CW: There is an instance of sexual assault towards the end of the book.
Well, colour me pink and call me tickled. This was a read that was worth waiting for. I had squirreled it away in my TBR knowing that the publication date was only in September (HOW are we past September already?!) and past me did present me a real solid in that respect. This is a slightly creaky but charming romantic comedy that had me smiling at the pages.
Olive is a graduate student in the Biology lab at Stanford. She went on a couple dates with Jeremy, a fellow grad student, but there were precisely no sparks. You know who does have sparks with Jeremy? Olive’s best friend: Ahn. In order to convince Ahn that Olive is no longer interested (actually, never was interested) in Jeremy, Olive decides to tell a little lie: Olive has moved on.
Why is this lie so important? Olive wants her best friend to be happy and she knows that Ahn is deeply infatuated with Jeremy, so she tells Ahn that she’s going on a date with someone else. Does Olive expect to see Ahn in the corridor of the bio lab at the exact moment that she is supposed to be on her date? No. What does Olive do? She kisses the first person she sees. And that person is none other than Professor Adam Carlsen.
Here, I need to hit the brakes for a second, on two counts. First, not sure how I feel about just randomly kissing people… so that’s a little iffy for me. Not to mention the graduate student/professor part.
Second, really? This is how she chooses to manage the situation? Olive then compounds the confusion by telling increasingly ludicrous lies to keep Ahn in the dark.
But why is it so important for Olive to convince Ahn that she’s dating? Alas, if you’re looking for solid reasoning, you won’t find it here. If Ahn is her best friend, why can’t they just have a sensible conversation about this? Olive is an orphan and has some heavy baggage around being alone and losing people. This goes some way to explaining her behaviour, but not all the way.
And this is precisely why I call the plot creaky: technically, it’s a fake relationship trope fiesta, but in practise, it was difficult to surrender and buy into the whole thing. As the reader I felt expected to go along with all of Olive’s increasingly bizarre, complicated lies.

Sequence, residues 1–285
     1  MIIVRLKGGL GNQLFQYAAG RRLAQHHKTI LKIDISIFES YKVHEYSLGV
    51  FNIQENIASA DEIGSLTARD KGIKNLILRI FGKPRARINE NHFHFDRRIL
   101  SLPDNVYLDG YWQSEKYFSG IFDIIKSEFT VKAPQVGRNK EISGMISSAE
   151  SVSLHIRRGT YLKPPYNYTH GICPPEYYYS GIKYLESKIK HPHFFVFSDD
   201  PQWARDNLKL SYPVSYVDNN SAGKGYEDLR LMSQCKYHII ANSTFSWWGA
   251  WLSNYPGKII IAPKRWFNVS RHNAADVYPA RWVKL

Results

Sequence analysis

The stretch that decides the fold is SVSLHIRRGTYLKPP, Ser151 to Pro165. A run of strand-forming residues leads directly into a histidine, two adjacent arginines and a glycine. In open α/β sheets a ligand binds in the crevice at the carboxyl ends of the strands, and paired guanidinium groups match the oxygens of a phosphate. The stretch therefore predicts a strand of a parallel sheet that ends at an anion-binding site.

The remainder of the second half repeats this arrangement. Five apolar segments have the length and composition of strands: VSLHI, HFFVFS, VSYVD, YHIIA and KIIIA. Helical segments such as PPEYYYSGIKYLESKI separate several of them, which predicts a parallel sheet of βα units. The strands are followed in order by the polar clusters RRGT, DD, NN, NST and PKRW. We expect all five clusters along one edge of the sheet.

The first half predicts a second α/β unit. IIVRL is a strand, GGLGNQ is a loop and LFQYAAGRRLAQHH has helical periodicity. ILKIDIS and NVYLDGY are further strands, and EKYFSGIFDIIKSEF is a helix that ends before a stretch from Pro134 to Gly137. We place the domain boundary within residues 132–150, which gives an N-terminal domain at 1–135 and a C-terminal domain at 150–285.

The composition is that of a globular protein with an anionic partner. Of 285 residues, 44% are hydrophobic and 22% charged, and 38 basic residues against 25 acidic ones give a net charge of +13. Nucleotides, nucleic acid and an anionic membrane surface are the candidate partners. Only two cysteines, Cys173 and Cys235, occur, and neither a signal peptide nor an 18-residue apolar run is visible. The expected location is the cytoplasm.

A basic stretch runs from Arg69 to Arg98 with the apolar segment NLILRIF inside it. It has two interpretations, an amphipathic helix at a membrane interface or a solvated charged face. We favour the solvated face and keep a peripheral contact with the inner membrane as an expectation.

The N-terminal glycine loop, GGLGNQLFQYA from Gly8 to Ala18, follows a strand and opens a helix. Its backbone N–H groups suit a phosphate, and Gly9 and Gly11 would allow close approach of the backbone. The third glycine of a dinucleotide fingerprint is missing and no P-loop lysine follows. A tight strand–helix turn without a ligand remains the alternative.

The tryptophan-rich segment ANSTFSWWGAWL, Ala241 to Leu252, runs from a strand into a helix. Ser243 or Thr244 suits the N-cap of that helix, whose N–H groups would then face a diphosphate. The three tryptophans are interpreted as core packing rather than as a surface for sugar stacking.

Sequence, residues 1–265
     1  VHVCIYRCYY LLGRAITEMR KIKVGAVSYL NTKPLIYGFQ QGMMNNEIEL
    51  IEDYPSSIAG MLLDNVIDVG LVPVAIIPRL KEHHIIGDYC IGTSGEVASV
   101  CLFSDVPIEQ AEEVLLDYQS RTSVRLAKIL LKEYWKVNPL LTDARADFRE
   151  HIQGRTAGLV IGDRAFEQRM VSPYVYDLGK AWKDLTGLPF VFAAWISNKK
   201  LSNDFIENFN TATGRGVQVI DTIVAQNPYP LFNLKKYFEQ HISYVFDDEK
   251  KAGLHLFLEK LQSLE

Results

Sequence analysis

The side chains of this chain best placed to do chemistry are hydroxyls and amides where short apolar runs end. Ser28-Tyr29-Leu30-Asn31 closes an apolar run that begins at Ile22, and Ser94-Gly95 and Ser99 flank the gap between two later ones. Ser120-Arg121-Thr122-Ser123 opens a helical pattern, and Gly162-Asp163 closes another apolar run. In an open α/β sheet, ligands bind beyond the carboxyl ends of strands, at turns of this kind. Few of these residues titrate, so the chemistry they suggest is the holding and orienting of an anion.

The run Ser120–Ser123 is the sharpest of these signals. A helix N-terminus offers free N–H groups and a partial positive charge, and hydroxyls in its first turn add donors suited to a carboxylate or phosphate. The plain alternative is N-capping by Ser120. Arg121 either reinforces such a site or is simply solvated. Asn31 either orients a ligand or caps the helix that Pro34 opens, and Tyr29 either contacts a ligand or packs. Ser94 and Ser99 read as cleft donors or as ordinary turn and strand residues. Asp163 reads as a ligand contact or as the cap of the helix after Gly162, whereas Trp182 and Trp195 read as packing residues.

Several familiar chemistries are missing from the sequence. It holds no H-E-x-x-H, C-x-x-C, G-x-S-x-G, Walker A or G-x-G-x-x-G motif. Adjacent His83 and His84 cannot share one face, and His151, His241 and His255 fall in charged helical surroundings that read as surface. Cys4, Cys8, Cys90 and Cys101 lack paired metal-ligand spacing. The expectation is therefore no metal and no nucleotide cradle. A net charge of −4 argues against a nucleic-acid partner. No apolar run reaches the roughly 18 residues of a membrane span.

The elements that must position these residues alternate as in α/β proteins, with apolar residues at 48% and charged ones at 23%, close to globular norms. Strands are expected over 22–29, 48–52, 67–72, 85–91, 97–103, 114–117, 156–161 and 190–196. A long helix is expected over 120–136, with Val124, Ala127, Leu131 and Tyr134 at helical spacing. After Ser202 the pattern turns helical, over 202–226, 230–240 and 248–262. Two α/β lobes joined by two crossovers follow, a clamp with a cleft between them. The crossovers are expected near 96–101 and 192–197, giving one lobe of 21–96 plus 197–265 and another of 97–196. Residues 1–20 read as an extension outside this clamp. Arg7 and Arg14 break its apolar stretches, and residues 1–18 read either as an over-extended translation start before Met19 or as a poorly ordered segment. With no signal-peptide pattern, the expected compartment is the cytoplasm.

What redeemed this book for me? First, for the most part, Olive is familiar and disarming in her awkwardness and insecurity. But far more importantly, the interactions between Adam and Olive charmed my socks off. I was squirreled away under my quilt with numerous cups of tea squeeing with delight whenever these two interacted. The kind of teasing banter that comes with real affection can be difficult to bring into a book, but in this case: FIREWORKS.
The two agree to a fake relationship because Olive needs to keep the lie to Ahn going (still: WHY?) Adam has his own reasons which are a little less tenuous than Olive’s, but the whole thing is really just an excuse for them to be together. And really, once they actually spend time together, the charm factor was so high that I forgot about the flimsy rationales keeping them next to one another.
There are a lot of other things to love about this book, especially the frank discussion of women in STEM that forms part of the backstory. Much of this is set out by Ahn, Olive’s best friend. Their journey as women in STEM and the challenges they face allowed me to look at this issue with fresh eyes.
While the book was enjoyable to read when Olive and Adam were together, the rationale for their fake relationship was pretty dismal and as a reader I found it difficult to accept. Why would it be more important to keep Ahn happy with deceit than for Olive to tell the truth? This is sort of explained, but not really.
Once Adam and Olive start interacting in earnest, then the magic really gets going and I found it much easier to forget about the rickety set-up. If you can suspend your disbelief for the opening chapters, then you can relax into the rest of the book knowing that it will carry you home in splendid fashion.